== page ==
Just collecting some links for a moment until I understand the impact.
Walter makes an interesting point about the First Amendment interest at stake in Doe v. Reed, Thursday's decision about the forced disclosure of information concerning individuals who sign a petition to get a referendum on the ballot. Generally, we expect actions with legislative consequences to be taken on the public record. Asserting a right to privacy over such actions seems anomalous. But one of the interesting things about this case is that the state's interest on the other side of the ledger is also a bit unusual. The court identifies the state's interest in disclosing the names primarily as in preventing election fraud. The state certainly has an important interest in doing so, but it is not at all clear that is what this disclosure law was designed to do. After all, the law at issue, Washington state's public-records act, is not a provision of the election code specifically designed to fight election fraud. Instead, the law is essentially a state-version of FOIA—the Freedom of Information Act—which makes all public records subject to disclosure. It just happens that once signatures are submitted to the Secretary of State, they become public records subject to disclosure.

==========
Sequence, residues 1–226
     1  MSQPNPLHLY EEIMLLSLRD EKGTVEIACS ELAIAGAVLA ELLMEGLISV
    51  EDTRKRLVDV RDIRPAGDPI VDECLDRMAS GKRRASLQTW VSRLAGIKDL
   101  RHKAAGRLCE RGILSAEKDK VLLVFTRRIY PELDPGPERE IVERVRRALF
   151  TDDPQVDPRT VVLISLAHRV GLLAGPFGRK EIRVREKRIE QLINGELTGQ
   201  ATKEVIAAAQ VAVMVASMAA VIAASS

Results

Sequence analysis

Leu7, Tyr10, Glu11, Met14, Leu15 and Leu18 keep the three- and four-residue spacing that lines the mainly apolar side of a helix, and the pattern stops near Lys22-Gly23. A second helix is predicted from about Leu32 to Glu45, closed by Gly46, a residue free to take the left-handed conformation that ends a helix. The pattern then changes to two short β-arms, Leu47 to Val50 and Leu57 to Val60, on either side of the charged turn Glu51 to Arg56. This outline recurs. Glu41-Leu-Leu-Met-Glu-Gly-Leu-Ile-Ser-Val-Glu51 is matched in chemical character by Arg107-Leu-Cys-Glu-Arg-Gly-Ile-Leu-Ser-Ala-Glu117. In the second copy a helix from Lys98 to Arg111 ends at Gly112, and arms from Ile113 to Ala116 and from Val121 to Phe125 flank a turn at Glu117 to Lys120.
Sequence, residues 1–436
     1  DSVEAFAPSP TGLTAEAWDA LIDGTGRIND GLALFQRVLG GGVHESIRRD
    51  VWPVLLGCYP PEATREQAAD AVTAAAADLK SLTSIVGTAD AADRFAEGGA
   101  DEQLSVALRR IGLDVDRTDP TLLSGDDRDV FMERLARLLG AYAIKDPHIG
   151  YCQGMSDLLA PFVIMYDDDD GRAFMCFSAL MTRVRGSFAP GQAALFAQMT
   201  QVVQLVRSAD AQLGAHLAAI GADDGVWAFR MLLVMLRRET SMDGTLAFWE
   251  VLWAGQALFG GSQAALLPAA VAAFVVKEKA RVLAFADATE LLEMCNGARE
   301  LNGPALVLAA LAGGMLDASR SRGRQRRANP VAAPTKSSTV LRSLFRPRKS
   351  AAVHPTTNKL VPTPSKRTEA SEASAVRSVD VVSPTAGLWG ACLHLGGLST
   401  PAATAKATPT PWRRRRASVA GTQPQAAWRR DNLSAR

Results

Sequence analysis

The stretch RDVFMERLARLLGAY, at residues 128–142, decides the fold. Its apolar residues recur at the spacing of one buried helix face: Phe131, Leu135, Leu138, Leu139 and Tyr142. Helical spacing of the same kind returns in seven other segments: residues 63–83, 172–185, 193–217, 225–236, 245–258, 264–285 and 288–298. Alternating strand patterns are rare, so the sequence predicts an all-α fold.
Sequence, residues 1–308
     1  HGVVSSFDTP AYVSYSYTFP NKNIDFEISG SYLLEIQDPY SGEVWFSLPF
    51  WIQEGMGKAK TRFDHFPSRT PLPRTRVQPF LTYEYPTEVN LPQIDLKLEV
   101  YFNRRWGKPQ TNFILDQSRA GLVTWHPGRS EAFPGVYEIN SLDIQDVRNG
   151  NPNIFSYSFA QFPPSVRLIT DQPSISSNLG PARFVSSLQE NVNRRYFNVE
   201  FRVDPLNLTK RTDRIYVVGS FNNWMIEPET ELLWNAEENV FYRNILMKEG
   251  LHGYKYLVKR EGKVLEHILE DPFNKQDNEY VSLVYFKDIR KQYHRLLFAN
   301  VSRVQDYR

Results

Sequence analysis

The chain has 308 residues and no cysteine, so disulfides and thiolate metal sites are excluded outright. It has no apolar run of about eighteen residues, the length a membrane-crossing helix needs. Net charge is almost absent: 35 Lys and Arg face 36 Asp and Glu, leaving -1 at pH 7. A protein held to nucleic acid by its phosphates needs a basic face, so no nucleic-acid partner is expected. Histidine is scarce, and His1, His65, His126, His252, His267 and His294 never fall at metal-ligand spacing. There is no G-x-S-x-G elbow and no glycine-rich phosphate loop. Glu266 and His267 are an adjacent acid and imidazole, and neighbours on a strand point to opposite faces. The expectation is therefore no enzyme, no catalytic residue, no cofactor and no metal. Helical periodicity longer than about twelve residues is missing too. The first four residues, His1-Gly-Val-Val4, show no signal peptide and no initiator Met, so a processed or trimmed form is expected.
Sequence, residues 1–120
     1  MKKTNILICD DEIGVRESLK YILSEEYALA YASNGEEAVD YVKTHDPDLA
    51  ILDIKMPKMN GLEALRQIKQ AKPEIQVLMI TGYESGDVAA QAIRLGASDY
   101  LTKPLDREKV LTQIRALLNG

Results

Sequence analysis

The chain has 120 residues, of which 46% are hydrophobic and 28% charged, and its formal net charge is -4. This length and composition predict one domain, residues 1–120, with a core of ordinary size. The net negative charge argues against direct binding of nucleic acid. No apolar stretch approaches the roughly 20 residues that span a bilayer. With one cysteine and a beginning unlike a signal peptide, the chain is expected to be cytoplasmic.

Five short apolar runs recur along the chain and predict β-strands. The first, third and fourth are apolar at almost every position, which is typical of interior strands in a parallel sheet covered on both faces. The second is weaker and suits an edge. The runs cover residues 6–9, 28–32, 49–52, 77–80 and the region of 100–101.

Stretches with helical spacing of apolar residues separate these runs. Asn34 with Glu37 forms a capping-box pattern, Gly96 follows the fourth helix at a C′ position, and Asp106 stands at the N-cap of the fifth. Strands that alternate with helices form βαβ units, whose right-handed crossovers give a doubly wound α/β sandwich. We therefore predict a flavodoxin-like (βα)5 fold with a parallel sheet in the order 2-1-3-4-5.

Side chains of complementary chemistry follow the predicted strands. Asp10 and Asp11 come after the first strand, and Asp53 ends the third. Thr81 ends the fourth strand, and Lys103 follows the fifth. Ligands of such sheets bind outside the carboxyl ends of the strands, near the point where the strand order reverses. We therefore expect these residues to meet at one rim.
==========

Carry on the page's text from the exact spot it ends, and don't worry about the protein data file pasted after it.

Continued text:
EPIC, the Electronic Privacy Information Center, on Doe v Reed
There have been a number of notable instances of retaliation against petition signatories in the United States, but none are more famous than those undertaken by the McCarthy-era House Un-American Activities Committee. In the 1960’s the Un-American Activities Committee pursued a number of “suspected communists.” Hearing records indicate that many of these suspects were named based on their participation as signatories in a variety of petitions, including a Petition to free Earl Browder, Communist Party Election Petitions, Communist Party Nominating Petitions, a petition to Governor Olsen of California to free Sam Darey, a petition for the American Committee for Democracy and Intellectual Freedom, a petition for the National Federation for Constitutional Liberties, petitions against the Mundt-Nixon Bill, and numerous other organizations. Witnesses before the Committee linked individuals with petitions they signed, then identified the individuals as communists (often as the basis of petition involvement). Many individuals named as communists suffered personal, political, and professional repercussions of these hearings.
one more from EPIC; this one needs to be verified before being believed to be true;
There are many more localized, modern examples of retaliation against petition signatories, as well. In Northern Michigan, the signatories of a recall petition expressed concerns about retaliation after state troopers began knocking on the doors of citizens who signed the petition. Petition signatories reported that officers were “harassing” and practicing “retaliation and intimidation.”